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Israel suspends peace talks with Palestinians over unity deal

JERUSALEM -- Israel is suspending its involvement in peace talks and planning a series of sanctions against the Palestinians, Prime Minister Benjamin Netanyahu’s office announced Thursday.

The decision, after a six-hour Israeli Cabinet meeting, followed Wednesday’s announcement of a reconciliation agreement between the two leading Palestinian factions, which will bring the militant Islamist movement Hamas into a new Palestinian government within weeks.

“The government of Israel will not negotiate with a Palestinian government that relies on Hamas,” the statement said, noting the Cabinet decision was unanimous.

Instead of choosing peace with Israel, Palestinian President Mahmoud Abbas made “a pact with a murderous terror organization that calls for Israel’s destruction,” Netanyahu said, adding that Israel would not hold talks with the Palestinians as long as the unity initiative continues.

The sanctions to come include a previously announced Israeli plan to deduct Palestinian debts to Israeli companies from the tax revenues Israel collects for the frequently cash-strapped Palestinian Authority.

The reconciliation agreement was the latest in a long chain of events that had already threatened the 9-month-old peace process, which was largely driven by Secretary of State John F. Kerry and had repeatedly brought him to the region. Even before Israel’s announcement, prospects were slim for extending talks beyond their deadline, which was a week away.

Hamas, which rules the Gaza Strip, and Fatah, which dominates the Palestinian Authority in the West Bank, agreed Wednesday to end their seven-year schism and form a new Palestinian government made of independents and technocrats by June. Under the deal, election for parliament and the presidency will be held next year.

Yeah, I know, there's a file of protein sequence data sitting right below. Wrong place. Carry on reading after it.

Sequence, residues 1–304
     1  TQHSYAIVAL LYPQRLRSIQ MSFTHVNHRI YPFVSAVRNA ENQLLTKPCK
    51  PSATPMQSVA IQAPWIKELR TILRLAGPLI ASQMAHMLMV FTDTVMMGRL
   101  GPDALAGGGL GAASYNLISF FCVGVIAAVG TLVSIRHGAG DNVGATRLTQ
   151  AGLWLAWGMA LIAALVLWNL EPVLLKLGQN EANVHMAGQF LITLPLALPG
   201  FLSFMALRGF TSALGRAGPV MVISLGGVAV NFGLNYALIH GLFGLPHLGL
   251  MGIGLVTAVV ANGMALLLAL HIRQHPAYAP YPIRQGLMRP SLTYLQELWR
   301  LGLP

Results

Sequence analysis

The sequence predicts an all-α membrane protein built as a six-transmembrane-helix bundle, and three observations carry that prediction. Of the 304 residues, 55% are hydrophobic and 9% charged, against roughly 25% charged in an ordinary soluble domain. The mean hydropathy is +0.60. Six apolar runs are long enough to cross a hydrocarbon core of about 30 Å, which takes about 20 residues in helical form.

Abbas intends to issue presidential orders for implementing the agreement in coming weeks, according to media reports.

Making the unity accord a reality won't be easy. The two main Palestinian factions remain deeply divided on key issues, first and foremost the diplomatic process with Israel. Agreements reached in the past eventually fell apart.

Israel rejects Hamas as a terror organization. The U.S. and Europe hold similar positions.

Netanyahu slammed Abbas for turning down U.S. initiatives, refusing to recognize Israel as the national homeland of the Jews and unilateral moves violating agreements.

Numerous Palestinian officials from Fatah emphasized throughout the day that Palestinian unity does not negate negotiations with Israel. Abbas said there was no contradiction between Palestinian reconciliation and negotiations with Israel.

Moreover, he said, reconciliation was needed to strengthen any agreement reached with Israel in the future.

“The two-state solution is the only game in town,” Palestinian politician Jibril Rajub told Israeli media, calling both Israel’s government as well as Palestinian factions to support Abbas’ policies.

Hamas comments reflected ambiguity. Ghazi Hamad of the Hamas government in Gaza told Israeli media that Hamas has said it would accept a Palestinian state within the 1967 borders but would not recognize Israel.

Others emphasized that Hamas would not accept conditions called for by the international community in the past, including renouncing violence and accepting all previously signed agreements between Israel and the Palestinian Authority.

According to hawks among Israeli ministers, there is little difference between Fatah and Hamas anyway.

“Hamas wages classic terror ... Abu Mazen wages diplomatic terror,” Foreign Minister Avigdor Lieberman said, referring to Abbas by a nickname. Tourism Minister Uzi Landau was more blunt, saying it was “like the difference between Jack the Ripper and the Boston Strangler.”

Sobelman is a special correspondent.

Copyright © 2014, Los Angeles Times
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